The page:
Archetypes/DCMs MIA in SDOs

Curious to note that there is very little apparent interest in detailed clinical information models (DCMs) of any brand or flavour in the major Standards Development Organisations (SDO’s) – they are effectively Missing In Action when compared to the likes of CDA and IHE profiles.

The ISO 13972 DCM specification took a long and tortuous time to travel through the ISO TC 215 processes. Engagement with 13972 during its development, and from what I can observe now it is on the verge of publication has been rather sparse.  A further piece of work is now starting in ISO regarding quality criteria for DCMs but it also seems to be struggling to find an audience that understands it, or even cares.

I don’t quite understand why the concept of DCMs has not been a big ticket item on the radar of the SDOs for a long time as it is a major missing piece of any standards-based framework. Groups like CIMI are raising awareness, alongside the openEHR work, so momentum is gathering, but for some reason it seems to keep a very understated profile compared to new opportunities like FHIR in HL7.

The work of messages, documents, profiles and terminologies are clearly important for interoperability, but standardisation of clinical content models working closely with terminologies can potentially make the work required to develop messages, documents, and profiles orders of magnitude easier.

Let me test a metaphor on you. Think of each message, document or profile as a sentence and each archetype or DCM as a word, a building block that is one component of each sentence. By focussing on the building a specific sentence, we are working backwards by trying to determine the components, and the outcome is still just that single sentence. However if we start by standardising the words/archetypes, then once they are stable it is relatively simple to construct not only one sentence for a specific purpose, but the potential is a much greater output in which many more additional sentences can be created using a variety of words in different combinations. If we manage the words (archetypes) as core building blocks and get them right, then we allow a multitude of possible sentences (messages/documents/profiles) to proliferate.

The ‘brand’ of archetype/DCM solution does not concern me so much as raising awareness that clinician-led, standardised clinical content is a significant missing and overlooked piece of the international eHealth foundations puzzle.

2 thoughts on “Archetypes/DCMs MIA in SDOs

  1. It’s probably not that the big SDO’s are not interested in things like archetypes/DCMs (they all have groups that participate in such efforts), but that they have problems connecting with, or motivating, the clinical community to actually create and agree on a significant body of clinical models, i.e. to cover what one would need for an average EHR. What’s in it (short term) for the clinical community ?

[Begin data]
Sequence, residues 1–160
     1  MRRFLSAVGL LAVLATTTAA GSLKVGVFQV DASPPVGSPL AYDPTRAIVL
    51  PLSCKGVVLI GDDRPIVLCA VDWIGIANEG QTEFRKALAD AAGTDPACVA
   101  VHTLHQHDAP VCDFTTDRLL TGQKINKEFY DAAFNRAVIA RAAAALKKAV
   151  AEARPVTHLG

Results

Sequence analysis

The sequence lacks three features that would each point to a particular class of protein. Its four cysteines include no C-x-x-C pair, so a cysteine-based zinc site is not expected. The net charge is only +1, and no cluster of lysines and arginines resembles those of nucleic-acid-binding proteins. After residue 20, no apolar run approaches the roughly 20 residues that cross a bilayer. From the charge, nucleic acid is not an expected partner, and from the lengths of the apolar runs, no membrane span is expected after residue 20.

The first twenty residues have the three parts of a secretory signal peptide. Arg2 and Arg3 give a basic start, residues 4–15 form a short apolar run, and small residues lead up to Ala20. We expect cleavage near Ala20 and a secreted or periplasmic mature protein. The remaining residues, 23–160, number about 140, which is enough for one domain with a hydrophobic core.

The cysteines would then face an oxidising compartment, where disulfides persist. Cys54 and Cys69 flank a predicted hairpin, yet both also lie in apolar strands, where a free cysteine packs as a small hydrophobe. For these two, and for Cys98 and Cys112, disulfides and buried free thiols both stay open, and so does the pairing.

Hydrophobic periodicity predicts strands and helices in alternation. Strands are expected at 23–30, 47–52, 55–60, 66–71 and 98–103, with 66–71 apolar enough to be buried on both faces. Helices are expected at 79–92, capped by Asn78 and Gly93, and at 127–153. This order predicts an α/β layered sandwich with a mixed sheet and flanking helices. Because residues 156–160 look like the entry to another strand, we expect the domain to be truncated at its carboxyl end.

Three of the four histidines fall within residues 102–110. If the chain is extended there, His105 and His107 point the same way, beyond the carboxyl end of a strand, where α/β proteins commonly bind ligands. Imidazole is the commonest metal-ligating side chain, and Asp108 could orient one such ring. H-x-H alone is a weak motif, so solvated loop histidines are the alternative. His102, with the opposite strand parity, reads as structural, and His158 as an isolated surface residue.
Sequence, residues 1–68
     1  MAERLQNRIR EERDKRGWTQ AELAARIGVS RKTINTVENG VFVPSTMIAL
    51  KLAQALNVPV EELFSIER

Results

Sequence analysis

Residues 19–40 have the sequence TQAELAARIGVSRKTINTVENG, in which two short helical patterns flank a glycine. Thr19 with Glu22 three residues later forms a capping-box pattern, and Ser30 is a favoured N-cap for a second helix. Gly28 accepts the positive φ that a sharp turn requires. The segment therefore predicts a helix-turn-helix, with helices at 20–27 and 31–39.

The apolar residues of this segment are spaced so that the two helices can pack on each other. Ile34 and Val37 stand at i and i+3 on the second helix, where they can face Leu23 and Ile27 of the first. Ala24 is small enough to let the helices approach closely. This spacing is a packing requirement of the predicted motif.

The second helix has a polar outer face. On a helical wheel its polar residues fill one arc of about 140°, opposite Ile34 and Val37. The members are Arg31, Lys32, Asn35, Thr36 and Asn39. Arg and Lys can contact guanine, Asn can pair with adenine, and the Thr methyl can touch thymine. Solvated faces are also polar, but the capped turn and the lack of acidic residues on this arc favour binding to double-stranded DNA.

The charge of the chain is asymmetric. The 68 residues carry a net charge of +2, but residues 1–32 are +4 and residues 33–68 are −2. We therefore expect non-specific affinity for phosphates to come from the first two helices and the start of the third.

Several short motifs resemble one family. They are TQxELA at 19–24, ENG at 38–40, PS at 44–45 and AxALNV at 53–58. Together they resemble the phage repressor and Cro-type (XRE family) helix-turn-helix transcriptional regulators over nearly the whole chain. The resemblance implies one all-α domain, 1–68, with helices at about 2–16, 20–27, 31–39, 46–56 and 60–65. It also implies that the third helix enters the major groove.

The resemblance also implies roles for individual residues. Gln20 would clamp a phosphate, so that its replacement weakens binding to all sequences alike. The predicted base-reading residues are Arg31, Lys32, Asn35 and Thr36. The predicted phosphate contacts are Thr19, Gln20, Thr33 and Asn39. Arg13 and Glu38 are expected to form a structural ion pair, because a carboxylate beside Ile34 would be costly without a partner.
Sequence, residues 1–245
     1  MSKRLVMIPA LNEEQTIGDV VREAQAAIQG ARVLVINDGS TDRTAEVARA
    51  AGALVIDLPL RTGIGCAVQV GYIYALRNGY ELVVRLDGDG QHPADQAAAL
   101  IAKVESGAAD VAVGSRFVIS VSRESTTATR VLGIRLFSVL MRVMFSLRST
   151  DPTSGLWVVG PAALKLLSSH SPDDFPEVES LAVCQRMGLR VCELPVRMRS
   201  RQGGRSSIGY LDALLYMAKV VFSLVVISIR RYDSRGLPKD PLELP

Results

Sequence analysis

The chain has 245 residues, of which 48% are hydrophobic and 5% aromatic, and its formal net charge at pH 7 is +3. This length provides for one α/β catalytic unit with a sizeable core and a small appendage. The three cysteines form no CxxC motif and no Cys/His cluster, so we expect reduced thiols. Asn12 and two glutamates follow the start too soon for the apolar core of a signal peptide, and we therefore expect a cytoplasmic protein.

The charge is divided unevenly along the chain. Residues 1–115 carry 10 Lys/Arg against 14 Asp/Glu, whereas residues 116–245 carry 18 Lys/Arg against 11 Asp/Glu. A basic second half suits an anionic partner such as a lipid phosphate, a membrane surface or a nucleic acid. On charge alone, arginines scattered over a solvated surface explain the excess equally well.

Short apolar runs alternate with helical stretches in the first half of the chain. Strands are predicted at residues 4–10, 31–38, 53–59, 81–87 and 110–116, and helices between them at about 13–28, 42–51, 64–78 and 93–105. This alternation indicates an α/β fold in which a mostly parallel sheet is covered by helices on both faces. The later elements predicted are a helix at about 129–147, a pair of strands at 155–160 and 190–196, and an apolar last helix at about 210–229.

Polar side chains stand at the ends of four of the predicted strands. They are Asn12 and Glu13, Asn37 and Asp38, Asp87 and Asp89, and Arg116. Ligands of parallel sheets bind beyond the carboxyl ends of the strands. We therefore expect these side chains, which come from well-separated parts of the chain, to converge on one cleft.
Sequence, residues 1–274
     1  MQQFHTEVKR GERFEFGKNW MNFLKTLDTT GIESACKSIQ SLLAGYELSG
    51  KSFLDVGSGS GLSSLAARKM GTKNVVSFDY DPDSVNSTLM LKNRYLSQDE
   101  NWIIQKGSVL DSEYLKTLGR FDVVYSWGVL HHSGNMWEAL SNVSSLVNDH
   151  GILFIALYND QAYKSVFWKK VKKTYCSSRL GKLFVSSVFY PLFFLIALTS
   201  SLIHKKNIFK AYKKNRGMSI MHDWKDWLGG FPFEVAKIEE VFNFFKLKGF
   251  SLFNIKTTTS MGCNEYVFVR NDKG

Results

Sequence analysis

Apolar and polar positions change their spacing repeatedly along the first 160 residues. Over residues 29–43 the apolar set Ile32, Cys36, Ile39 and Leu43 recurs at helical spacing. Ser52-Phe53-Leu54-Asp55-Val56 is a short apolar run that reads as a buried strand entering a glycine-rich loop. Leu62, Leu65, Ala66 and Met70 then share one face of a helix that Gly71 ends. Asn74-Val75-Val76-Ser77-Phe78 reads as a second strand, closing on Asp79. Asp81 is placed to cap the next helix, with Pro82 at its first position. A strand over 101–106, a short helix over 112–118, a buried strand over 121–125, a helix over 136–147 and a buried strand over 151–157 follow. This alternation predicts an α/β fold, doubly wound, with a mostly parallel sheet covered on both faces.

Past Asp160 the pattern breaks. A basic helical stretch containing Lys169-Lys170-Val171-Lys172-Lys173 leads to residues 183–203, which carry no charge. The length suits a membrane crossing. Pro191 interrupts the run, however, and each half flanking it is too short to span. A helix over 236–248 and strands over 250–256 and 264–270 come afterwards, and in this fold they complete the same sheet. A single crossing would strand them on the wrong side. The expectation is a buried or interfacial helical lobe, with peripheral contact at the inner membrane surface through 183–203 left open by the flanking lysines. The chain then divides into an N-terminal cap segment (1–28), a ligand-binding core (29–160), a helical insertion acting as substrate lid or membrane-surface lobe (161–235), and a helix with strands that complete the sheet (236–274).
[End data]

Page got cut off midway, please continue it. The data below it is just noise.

Personally I don’t believe it’s up to the SDOs nor health IT implementers to convince the clinical community of the value of models such as archetypes/DCMs. The realization that there’s value in this should primarily come from within the clinical (healthcare informatics) community. If they can’t convince their peers – then how can an SDO be successfull in doing so?

    • Hi Rene,

      My comment is all about the openness of the people involved in standards globally – the activity of any SDO is a reflection of the interests and passions of the people attending and doing the work. It is not usually a top down directive that determines the work done, but innovations and proposals from the bottom up. There is not just much interest in DCMs by mainstream standards attendees.

      It is very pleasing that we are now having some discussions with Graeme and Lloyd re some collaboration in FHIR – brilliant. This doesn’t mean we will be successful, but at least exploring is a positive step forward to harmonisation in this area, and at worst learning about the difficulties of harmonising.

      Attempts to engage with IHE International re use of archetypes and clinical engagement have resulted in advice for me to go away and read “IHE for Dummies”! I won’t say any more about that conversation.

      From my point of view it is not the clinical community who are the blocker, it is a narrow view by those who are driving entrenched technical initiatives. Now that is a pretty normal human thing, really. We are all busy trying to make a difference, but sometimes we need to be open to the ideas and value that others can bring to the table.

      The old “Not invented here, go away” needs to change in this era of globalisation, crowd sourcing and online collaboration!

      Heather

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